Hunting for a Life of Subsistence
By Kate Marlowe | Feb 12, 2020
We are migrating towards a subsistent life, obtaining 100 percent of our food from what is provided by the backwoods. Hunting is a necessary part of this lifestyle for us on the homestead. Many choose to forgo meat and maintain a vegetarian diet through gardening and foraging. They aren’t comfortable with hunting or raising livestock to be used as a food source. I witness debates about the cruelty of hunting, not only with other homesteaders but in the writing and blogging world and people we meet in general. Research has proven that providing your own meat as well as helping to control predators is far more humane than factory-farm practices. The end result is a healthier meat supply you can rest easy with, knowing the animal had a healthy life and was put down in a clean and far less painless manner as compared to what you end up with at your local grocer.
We are a family that’s in the woods all year between the various wild game and fishing seasons. Someone in the family is always reaping the benefits of our life of subsistence, including exercise, healthy food, time in the woods and a bond with family.
My backwoodsman has lived his life hunting, fishing and trapping. His primary loves have always been deer and turkey hunting. This has changed in recent years with the introduction of feral wild hogs in our region. He now spends a great deal of his time working with dogs he has trained for baying and catching hogs. It is a unique sport, as knives are preferred over guns for harvesting, primarily to keep the dogs safe while catching the hog. He is in the woods all year with the addition of his hunting sport to his interests, and we are lucky to have ample stock in the freezer as a result.
These skills have been passed down to all three of his children. The boys are addicted to the outdoors and country life as is his oldest daughter, who makes time for the woods with her family as she is able. All three are successful hunters and have an appreciation and respect for the sport and subsistence living. They are all avid deer and turkey hunters, including bow and gun hunts.
My older stepson is a fishing addict and spends a great deal of time on the water. The younger of the boys also enjoys hog hunts with his dad and spring turkey hunting. My stepdaughter is in with her family deer hunting every fall and enjoys recreation fishing when they are able to around their baby and work.
They have all learned the value of subsistent living and appreciate what it provides them, particularly for their families when money is tight. They know ways to provide food for the table even when it’s difficult to get it at the grocery store.
We enjoy watching the younger generation share their love for hunting and fishing sports with their families. We are the proud grandparents of two with another on the way. We look forward to watching them raised to follow in the footsteps of the Marlowe outdoor roots. We are grateful the children have taken these traditions with them and plan to pass them on with their families, helping to ensure a healthy, grounded and natural way of life wherever they wind up.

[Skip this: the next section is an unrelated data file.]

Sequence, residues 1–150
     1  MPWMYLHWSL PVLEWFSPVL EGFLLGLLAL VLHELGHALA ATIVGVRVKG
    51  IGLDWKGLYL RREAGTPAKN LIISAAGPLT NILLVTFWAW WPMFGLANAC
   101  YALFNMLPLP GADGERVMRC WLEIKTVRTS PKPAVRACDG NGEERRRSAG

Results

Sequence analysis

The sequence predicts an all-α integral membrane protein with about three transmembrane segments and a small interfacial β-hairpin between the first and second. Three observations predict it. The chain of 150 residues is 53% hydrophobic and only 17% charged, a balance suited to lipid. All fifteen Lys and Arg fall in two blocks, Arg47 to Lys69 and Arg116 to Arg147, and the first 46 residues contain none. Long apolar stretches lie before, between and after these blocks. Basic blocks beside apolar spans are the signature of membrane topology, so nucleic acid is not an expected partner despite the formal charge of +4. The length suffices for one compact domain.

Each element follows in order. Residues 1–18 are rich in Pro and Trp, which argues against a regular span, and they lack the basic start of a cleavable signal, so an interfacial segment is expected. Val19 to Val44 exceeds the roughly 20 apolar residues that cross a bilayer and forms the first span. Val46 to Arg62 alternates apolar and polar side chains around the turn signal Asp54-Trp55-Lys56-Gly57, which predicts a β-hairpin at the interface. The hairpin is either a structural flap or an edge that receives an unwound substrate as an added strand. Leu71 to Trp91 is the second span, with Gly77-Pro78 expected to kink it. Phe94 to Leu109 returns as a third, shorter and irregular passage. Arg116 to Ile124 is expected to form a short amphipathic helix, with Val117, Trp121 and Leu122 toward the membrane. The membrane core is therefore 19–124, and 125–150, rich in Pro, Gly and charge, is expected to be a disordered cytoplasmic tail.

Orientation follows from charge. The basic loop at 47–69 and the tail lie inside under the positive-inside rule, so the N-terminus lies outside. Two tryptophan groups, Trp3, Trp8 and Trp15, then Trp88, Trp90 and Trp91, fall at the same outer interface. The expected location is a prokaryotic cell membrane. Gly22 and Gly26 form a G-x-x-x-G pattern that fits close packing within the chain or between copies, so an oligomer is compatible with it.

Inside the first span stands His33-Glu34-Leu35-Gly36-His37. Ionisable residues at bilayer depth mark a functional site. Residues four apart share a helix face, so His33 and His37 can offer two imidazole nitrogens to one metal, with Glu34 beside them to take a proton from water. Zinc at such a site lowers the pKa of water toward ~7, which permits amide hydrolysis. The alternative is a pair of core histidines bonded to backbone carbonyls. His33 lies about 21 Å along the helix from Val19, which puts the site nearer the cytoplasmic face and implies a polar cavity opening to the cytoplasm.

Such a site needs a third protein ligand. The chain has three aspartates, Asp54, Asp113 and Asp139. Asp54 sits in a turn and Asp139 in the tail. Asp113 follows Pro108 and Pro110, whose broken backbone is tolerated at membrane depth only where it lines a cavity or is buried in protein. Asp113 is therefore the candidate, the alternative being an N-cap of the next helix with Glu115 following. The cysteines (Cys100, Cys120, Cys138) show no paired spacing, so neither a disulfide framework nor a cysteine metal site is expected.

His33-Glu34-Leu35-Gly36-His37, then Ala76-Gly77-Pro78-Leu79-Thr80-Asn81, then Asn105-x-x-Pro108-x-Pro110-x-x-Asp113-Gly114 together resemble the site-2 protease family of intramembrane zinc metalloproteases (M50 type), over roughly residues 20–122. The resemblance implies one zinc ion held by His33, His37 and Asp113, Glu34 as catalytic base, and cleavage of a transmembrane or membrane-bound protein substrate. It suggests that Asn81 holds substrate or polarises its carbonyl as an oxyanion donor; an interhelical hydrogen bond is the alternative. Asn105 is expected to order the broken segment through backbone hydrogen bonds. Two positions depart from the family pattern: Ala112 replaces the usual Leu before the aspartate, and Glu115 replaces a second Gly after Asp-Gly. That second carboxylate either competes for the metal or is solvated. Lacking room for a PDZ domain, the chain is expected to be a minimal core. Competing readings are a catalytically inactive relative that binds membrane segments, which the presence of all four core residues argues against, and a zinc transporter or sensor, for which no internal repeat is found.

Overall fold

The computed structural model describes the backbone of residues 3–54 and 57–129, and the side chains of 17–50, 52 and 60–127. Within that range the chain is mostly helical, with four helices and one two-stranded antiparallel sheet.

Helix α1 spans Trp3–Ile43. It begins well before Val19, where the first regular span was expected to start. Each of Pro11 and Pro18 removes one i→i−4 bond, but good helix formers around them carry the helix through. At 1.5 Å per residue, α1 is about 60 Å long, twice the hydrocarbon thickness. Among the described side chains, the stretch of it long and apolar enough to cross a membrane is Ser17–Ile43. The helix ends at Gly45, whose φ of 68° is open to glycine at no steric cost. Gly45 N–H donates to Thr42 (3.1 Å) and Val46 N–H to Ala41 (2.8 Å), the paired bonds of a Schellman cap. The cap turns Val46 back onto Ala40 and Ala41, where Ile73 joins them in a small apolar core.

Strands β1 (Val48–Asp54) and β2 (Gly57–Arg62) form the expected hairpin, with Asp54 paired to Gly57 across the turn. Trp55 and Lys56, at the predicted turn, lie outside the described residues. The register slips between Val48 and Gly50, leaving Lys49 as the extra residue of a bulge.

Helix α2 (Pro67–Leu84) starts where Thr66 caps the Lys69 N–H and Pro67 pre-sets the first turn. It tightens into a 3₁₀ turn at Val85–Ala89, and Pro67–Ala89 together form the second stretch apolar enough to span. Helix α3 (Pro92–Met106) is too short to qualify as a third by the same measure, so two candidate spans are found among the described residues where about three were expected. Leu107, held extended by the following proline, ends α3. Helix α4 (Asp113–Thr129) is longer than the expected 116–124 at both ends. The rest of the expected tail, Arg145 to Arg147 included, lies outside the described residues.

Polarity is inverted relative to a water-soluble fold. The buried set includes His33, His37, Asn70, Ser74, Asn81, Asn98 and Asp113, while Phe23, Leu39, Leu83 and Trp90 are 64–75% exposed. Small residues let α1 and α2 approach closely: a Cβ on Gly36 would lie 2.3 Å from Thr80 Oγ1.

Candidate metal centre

I have settled in as a fair-weather outdoorswoman. Medical issues, aversion to the cold and my affinity for a warm bed in the morning keep me from being as hardcore as the man of the house. I am not a trophy hunter and am happy with filling the freezer or weeding out the predators that cause me to lay awake at night worrying about my fur-babes when they roam. This being said, there is still ample opportunities for me to contribute to our life of subsistence.
I enjoy several early season bow hunts for deer, and I am able to get out on some gun hunts when my backwoodsman takes me on spot-and-stalk excursions. My Savage 410/22 over/under allows me to enjoy deer hunting as well as small game hunts such as squirrel and rabbit. I love coyote calling and managed to bag my first a couple years ago. I love the time with my husband in the outdoors and have enjoyed a few trips to run the dogs for boar hunts. This is an extremely physical sport so I am not often geared up for the challenge. It does provide a full day of fun with my husband and the hunting dogs when I do go.
This is just a glance inside our life and illustrates why we choose to live a subsistent life, there will be many more stories to follow. My hope is for you to at least respect the principles if not try your hand in the outdoors to experience the fulfillment and respect for where your food comes from. There are so many opportunities and choices in how to pursue a life of subsistence, finding your passion in the outdoors is an easy task. I look forward to sharing more stories with you and hearing of your adventures in the outdoors, enjoying a healthy, humane and empowering way of life. Keep up with our stories at Backwoods Homestead and sharing your adventures with us!
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